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A 'proper ' Greyhound home?

Posted by more_to_grow (My Page) on
Wed, Oct 18, 06 at 10:07

Hello
I have something of a dilema and am interested in hearing some opinions and discussion on the topic.

My mother inlaw has some obsessive tendencies, she has taken a volunteer position at a local animal shelter, and as a result her home has been steadilly filling with animals. She has four children and 9 grandchildren many of whom are allergic to various of her animals.

She first adopted a large, retired, german sheperd female who was surrendered by a breeder who no longer wanted her as she was past her breeding years. She is a wonderful dog, very large in a small home, but it seemed to work out.

Next she adopted three cats, the surrendering owner indicated they must be adopted together, thus limiting the number of potential adoptive families (unrealistic request imho). They are nice cats, again in a small house but she loves them and it seemed to work.

Now she has adopted two greyhounds and this is where the dilemma occurs. The house is in lockdown because the hounds want to kill the cats. There was one close call, my mother inlaw scooped up the cat at the last second, and was scratched BADLY, requiring a trip to emergency room and stitches to close her up.

The yard is approximately 1/4 acre, the hounds are allowed to run for a time, until they begin *digging out* then they come back in to the entry way for the rest of the day/night. They are walked daily, but cannot come into the main house due to the cats. They spend their time in this entry way, the room now stinks, they have begun messing in there, they continually scratch at the doors, have ripped off the curtains, screens, and are trashing the place. She seems to be in denial that this is a bad situation.

To top it all off she travels, which means *we* have to come take care of her animals. She is demanding that they not be alone, so we must come live at her house while she is away. The feeding regimen is ridiculous: 1/2 cup of this, 1/4 can of that, 2 of these treats at this time, 3 of these cookies at this time, put the cats in the basement, let in the dogs, walk the dogs, put them out, let up the cats feed them, and on and on and on. The hounds are able to open doors, want the cats desperately, and are always seeking an opportunity to get them. Noone goes to visit any longer because it is like a zoo there; a shame too cause all the grandchildren used to love going there, we all feel slighted in this.

Now she has foster kittens, two birds, a lizard.

I refuse to be a party to this lunacy any longer, I feel the hounds need to go, she says she committed to keeping them forever and I call BS. Those hounds do not belong in that situation, if the folks in charge of adoption knew the situation I don't believe they would have approved her adoption of the dogs.

Sorry so long winded, tough to give a full picture with less description.

Any thoughts? Am I nuts? Perhaps I should buck up and pull my weight and shutup?


Follow-Up Postings:

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RE: A 'proper ' Greyhound home?

I think you are correct that greyhound adoptive group would not approve the situation.

Your mother is in denial and needs a wake up call. If she REALLY wants to do what is best for these animals, which I am sure was her intent in the first place - she needs to choose between the cats and the hounds - as they obviously are not able to live well together.

I think you should give your mother the opportunity to choose between the hounds and the cats and tell her that if she does nothing, then you will be contacting the grey hound rescue group to come and check out the situation.

(And of course, you don't want to "snitch" out your own mother, so you give her the opportunity to fix the situation BEFORE you contact anyone. Its in the best interest of not only your mother, but its in the interest of the dogs too.)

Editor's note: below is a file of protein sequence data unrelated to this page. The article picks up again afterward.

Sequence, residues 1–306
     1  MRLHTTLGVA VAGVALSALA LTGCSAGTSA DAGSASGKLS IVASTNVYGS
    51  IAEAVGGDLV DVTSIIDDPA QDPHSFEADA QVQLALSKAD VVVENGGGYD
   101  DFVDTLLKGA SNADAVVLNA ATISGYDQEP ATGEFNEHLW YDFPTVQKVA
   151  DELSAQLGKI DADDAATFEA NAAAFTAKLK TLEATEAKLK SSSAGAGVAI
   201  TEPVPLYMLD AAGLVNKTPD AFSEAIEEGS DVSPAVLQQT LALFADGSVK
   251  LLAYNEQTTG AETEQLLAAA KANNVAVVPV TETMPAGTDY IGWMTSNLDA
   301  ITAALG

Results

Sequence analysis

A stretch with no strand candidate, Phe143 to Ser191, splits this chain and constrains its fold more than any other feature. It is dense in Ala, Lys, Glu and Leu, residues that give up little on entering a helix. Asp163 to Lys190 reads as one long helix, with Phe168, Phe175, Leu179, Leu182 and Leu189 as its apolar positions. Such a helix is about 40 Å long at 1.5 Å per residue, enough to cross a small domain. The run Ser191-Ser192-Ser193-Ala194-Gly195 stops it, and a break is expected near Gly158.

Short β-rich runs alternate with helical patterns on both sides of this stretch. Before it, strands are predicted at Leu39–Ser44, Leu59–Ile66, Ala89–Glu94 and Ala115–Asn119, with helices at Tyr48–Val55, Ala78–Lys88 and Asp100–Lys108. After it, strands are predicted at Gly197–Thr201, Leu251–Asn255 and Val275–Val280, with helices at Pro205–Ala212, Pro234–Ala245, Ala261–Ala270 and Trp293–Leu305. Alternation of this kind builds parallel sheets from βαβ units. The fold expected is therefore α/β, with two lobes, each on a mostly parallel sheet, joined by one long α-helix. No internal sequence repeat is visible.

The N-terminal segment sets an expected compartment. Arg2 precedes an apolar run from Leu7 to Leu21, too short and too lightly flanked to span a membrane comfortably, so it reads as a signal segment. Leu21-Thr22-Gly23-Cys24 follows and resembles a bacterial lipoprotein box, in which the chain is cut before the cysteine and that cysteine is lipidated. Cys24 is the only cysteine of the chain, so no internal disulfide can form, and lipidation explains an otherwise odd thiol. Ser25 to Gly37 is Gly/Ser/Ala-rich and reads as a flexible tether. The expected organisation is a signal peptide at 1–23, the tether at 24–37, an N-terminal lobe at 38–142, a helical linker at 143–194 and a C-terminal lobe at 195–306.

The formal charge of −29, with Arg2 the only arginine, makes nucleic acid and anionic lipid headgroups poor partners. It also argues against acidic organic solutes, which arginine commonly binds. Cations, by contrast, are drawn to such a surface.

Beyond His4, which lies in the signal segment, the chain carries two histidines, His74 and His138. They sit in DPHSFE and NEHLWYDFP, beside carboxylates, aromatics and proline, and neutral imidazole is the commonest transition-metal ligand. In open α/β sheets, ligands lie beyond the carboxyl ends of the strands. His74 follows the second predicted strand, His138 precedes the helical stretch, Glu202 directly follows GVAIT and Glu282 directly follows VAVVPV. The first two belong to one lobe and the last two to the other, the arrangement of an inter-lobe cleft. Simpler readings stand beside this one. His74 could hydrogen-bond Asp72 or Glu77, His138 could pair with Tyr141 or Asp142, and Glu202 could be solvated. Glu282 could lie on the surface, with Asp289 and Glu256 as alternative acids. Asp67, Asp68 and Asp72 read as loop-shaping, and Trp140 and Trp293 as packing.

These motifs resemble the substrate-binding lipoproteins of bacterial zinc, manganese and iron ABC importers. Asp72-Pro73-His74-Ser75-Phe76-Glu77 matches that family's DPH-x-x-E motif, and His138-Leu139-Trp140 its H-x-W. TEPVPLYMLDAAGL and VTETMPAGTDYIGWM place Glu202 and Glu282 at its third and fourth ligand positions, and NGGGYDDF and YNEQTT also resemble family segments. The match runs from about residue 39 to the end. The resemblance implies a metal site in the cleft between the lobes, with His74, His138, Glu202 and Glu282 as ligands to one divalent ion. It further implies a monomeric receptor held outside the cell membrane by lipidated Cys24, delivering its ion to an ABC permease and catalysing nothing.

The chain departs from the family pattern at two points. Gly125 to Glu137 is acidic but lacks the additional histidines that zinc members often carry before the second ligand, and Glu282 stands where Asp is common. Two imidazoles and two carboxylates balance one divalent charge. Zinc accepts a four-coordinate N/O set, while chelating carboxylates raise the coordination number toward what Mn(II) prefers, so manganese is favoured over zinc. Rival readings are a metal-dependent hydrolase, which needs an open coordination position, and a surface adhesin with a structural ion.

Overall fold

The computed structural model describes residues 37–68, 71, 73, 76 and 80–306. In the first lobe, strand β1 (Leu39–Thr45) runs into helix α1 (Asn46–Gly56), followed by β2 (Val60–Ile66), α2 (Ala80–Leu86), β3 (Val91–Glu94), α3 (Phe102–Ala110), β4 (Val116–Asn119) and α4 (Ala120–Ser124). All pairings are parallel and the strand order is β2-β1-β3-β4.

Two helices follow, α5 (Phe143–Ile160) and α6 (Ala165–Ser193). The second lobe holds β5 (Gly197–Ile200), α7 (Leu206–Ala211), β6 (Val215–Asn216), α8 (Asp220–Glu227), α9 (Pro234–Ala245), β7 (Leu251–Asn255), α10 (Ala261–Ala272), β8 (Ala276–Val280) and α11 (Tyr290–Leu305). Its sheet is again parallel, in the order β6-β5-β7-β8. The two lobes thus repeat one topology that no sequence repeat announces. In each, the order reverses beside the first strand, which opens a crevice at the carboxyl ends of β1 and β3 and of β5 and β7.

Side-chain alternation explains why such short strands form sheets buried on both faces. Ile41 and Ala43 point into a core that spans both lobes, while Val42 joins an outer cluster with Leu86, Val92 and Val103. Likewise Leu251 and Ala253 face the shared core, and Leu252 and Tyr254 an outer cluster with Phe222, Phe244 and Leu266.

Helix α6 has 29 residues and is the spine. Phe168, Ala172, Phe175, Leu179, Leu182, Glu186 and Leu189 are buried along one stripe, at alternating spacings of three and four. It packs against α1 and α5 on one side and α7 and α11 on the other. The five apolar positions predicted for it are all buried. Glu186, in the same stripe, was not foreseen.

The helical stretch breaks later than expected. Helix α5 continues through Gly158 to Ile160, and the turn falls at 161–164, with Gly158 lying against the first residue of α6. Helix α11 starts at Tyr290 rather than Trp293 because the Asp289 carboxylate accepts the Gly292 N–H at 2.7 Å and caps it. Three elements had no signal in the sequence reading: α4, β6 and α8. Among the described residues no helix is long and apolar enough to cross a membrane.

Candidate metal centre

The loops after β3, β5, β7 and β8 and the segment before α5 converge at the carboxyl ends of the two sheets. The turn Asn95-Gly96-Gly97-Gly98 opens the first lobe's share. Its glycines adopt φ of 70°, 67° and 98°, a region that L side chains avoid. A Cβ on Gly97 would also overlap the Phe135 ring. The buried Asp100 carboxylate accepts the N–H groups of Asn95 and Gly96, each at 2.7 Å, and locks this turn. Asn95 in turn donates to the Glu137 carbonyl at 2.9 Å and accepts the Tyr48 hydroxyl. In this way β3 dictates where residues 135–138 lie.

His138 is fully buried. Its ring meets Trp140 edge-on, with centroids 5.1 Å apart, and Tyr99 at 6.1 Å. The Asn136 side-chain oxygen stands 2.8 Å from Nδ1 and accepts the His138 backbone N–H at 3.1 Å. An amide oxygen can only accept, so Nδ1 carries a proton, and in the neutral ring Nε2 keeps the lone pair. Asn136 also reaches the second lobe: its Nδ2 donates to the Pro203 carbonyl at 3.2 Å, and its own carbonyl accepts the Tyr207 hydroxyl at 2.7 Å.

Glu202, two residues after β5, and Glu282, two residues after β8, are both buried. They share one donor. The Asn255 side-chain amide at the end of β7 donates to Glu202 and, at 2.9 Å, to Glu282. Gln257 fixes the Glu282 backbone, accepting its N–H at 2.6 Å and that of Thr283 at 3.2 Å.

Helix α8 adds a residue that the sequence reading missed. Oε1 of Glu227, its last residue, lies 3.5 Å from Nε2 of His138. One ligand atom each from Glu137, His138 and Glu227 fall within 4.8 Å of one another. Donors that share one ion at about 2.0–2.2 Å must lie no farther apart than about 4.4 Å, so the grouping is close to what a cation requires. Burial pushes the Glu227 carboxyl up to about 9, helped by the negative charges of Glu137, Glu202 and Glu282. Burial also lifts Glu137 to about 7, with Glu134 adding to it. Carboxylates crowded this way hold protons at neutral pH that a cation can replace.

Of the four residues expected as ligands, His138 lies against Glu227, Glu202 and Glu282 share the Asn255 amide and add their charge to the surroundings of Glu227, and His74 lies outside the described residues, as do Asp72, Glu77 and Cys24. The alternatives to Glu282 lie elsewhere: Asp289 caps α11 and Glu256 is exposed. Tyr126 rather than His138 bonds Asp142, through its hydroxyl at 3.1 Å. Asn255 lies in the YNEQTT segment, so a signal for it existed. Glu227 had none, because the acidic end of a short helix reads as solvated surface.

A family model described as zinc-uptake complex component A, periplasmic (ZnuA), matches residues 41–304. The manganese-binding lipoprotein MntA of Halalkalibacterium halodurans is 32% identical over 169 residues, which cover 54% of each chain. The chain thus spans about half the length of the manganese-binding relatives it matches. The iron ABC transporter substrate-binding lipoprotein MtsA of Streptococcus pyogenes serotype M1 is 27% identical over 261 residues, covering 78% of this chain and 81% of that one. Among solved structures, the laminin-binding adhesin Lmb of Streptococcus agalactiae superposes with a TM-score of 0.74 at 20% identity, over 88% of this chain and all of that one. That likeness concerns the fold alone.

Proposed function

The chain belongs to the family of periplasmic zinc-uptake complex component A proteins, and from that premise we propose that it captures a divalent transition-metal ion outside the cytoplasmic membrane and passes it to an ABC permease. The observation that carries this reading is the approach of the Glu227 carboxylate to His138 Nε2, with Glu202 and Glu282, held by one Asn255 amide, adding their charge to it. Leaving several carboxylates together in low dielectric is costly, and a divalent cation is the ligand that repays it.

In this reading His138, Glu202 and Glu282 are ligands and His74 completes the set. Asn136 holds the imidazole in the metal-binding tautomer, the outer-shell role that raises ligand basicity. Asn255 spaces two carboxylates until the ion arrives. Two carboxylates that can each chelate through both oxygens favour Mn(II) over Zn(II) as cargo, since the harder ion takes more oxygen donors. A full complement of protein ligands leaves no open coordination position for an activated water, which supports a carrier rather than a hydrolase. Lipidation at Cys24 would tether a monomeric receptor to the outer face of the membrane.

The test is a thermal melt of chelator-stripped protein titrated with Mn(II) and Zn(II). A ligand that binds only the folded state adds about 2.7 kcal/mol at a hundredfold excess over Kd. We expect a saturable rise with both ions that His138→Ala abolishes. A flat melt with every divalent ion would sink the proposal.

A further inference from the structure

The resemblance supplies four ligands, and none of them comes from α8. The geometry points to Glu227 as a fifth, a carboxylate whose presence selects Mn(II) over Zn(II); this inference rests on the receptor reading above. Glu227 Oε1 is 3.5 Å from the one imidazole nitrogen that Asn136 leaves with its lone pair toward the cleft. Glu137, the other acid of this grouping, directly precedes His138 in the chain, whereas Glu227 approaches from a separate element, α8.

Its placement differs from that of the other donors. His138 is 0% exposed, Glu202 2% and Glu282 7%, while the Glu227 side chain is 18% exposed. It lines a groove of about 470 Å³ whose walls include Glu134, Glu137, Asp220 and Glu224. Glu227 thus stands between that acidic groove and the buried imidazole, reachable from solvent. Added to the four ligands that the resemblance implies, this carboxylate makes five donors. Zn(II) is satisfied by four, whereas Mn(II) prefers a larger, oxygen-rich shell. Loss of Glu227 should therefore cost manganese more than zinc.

And your mother may want to go to some counseling as it seems to be developing into a collector or hoarder type of situation, which is a mental condition that might be helped with some counseling and medication.

And shame on your mother for taking responsibility for these animals and then passing it off on to someone else as she travels. If she really wants to take care of a zoo full of animals she needs to stay home and take care of them, rather than asking someone else to do it for her.

Please feel free to print out this post and ask your mother to read it. And if she would like to email me I would be more than willing to discuss her situation privately.

I think your mother loves animals and wants to take care of them, but there are other ways to take care of animals than bringing them into our homes. Perhaps she could reduce her animal responsibility to just the cats (as they tend to do okay with travelling owners) but still continue to participate in habitat restoration and fund raising for wildlife. Its one way we can help animals without taking them into our homes.


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RE: A 'proper ' Greyhound home?

I do think your MIL's heart is in the right place. It may be to much for her to handle - it sounds like it is for sure to much for you to handle. You could do as above, you could report her, it could cause a family fued. Or you could simply say it is to much for you to handle and you can no longer pet sit for her. Maybe after she has to pay for care she will realize it is to handle on her own. I do disagree with one statement above "shame on your mother for passing the responsiblity on to someone else" It is your/OP choice to pet sit or not.


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RE: A 'proper ' Greyhound home?

It's so easy to get one's self wrapped up in rescue. Often times that persons intentions are good however it can become an obsession to save the world. It sounds as though it has become an obsession with her and a harmful situation for her and the animals she's trying to save.


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RE: A 'proper ' Greyhound home?

Thanks for the input, I just wanted some objective third party input as we are all so close to the situation and it has occured incrementally over a more than a year. I am alone, in the family, in viewing this as a "larger obsessive rescue issue"; but I am also alone, again within this family, in having witnessed this animal hoarding behavior previously.